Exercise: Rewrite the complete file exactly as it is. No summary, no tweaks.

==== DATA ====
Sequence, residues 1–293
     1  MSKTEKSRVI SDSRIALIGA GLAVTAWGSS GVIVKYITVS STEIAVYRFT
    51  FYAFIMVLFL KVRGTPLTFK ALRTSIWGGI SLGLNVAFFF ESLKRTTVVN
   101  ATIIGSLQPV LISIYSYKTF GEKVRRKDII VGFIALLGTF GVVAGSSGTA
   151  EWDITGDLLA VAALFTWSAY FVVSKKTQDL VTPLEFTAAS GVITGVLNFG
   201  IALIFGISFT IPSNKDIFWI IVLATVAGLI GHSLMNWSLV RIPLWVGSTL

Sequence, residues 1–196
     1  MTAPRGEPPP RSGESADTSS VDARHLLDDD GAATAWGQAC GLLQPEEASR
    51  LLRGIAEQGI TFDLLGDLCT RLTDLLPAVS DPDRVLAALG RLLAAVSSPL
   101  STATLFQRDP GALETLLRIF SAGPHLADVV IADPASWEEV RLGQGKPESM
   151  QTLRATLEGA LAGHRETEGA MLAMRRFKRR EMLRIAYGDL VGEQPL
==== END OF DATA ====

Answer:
Sequence, residues 1–293
     1  MSKTEKSRVI SDSRIALIGA GLAVTAWGSS GVIVKYITVS STEIAVYRFT
    51  FYAFIMVLFL KVRGTPLTFK ALRTSIWGGI SLGLNVAFFF ESLKRTTVVN
   101  ATIIGSLQPV LISIYSYKTF GEKVRRKDII VGFIALLGTF GVVAGSSGTA
   151  EWDITGDLLA VAALFTWSAY FVVSKKTQDL VTPLEFTAAS GVITGVLNFG
   201  IALIFGISFT IPSNKDIFWI IVLATVAGLI GHSLMNWSLV RIPLWVGSTL

Sequence, residues 1–196
     1  MTAPRGEPPP RSGESADTSS VDARHLLDDD GAATAWGQAC GLLQPEEASR
    51  LLRGIAEQGI TFDLLGDLCT RLTDLLPAVS DPDRVLAALG RLLAAVSSPL
   101  STATLFQRDP GALETLLRIF SAGPHLADVV IADPASWEEV RLGQGKPESM
   151  QTLRATLEGA LAGHRETEGA MLAMRRFKRR EMLRIAYGDL VGEQPL